Facebook Inc. reported a plunge in fourth-quarter profit on higher spending, even while it made long-awaited progress luring advertisers eager to reach mobile-device users.
Net income fell 79% to $64 million last quarter as operating expenses jumped 82%, Facebook said yesterday. That outpaced a 40% revenue gain to $1.59 billion and raised concerns that margins will come under pressure. The stock fell as much as 8% as investors weighed near-term lower profit against the prospect of future growth.
Chief Executive Officer Mark Zuckerberg plans to increase expenses, excluding certain costs, 50% this year to hire staff and roll out new tools for advertisers. That’s more than the 33% increase projected by Pacific Crest Securities LLC, and it underscores the urgency of capturing a bigger slice of the $6.97 billion U.S. mobile-ad market. Done right, the added investment will translate to profit growth, said Adam Schneiberg, a portfolio manager at BTR Capital Management.
“Wall Street tends to be forgiving of higher spending during high-growth periods when new products are being built,” Schneiberg said. “As long as eyeballs tune in and revenue keeps growing, the Street will believe that at some point the company can flip the switch on profitability.”
Facebook, based in Menlo Park, California, retreated 6.9% to $29.10 at 9:35 a.m. in New York, and earlier touched $28.74 for the biggest intraday decline since Sept. 24. Through yesterday, the stock had climbed 76% from a record low close on Sept. 4.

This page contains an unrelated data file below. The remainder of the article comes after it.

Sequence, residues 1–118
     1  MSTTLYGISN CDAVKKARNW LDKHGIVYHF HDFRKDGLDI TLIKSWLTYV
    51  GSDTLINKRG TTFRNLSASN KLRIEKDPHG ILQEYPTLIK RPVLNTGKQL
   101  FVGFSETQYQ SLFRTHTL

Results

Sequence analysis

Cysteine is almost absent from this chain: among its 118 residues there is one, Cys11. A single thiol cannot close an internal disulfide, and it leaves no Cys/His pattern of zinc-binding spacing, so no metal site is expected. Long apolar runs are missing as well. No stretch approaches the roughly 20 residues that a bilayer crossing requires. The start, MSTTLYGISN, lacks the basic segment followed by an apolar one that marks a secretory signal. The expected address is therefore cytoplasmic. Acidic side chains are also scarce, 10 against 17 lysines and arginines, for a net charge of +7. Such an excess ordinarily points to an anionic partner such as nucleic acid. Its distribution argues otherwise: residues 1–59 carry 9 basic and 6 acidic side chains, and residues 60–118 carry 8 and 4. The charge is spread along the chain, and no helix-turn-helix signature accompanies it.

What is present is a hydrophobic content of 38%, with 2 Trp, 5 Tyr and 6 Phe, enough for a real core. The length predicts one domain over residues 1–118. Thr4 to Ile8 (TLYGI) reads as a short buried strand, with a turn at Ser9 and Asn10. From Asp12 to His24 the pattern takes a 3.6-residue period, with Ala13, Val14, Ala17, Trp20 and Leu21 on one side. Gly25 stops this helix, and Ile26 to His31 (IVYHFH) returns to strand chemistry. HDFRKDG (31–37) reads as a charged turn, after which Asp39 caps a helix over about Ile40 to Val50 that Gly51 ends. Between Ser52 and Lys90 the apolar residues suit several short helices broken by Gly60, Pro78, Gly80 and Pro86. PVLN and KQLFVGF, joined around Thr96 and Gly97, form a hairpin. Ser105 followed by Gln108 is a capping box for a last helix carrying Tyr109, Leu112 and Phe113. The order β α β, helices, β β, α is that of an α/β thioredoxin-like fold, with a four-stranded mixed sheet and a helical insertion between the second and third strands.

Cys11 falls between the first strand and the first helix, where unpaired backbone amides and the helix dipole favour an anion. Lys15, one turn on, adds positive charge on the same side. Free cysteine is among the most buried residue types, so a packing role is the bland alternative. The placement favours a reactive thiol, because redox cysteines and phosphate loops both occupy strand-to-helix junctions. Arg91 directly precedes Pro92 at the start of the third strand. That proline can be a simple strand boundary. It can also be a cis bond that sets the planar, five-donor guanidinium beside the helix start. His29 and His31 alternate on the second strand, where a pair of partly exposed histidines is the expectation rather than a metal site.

Facebook’s increased investment is designed to help the company grapple with rising competition from larger rivals in the U.S. market for mobile advertising, predicted by EMarketer Inc. to surge 82% this year. Google Inc. is projected to grab 57% of that market, and Facebook will remain a distant No. 2 with 12%, EMarketer estimates.
“More mobile revenue means way more spending on the operations of selling ads,” said Brian Wieser, an analyst at Pivotal Research Group LLC, who today upgraded his rating on the stock to buy from hold and raised his prise estimate to $36 from $30. “This is an expensive company to run.”
Mobile contributed 23% of total advertising revenue, or about $306 million, according to Facebook. That compares with 14% in the third quarter. Analysts at JPMorgan Chase & Co. predicted mobile would contribute $384.2 million, or 27% of ad revenue, in the latest quarter.
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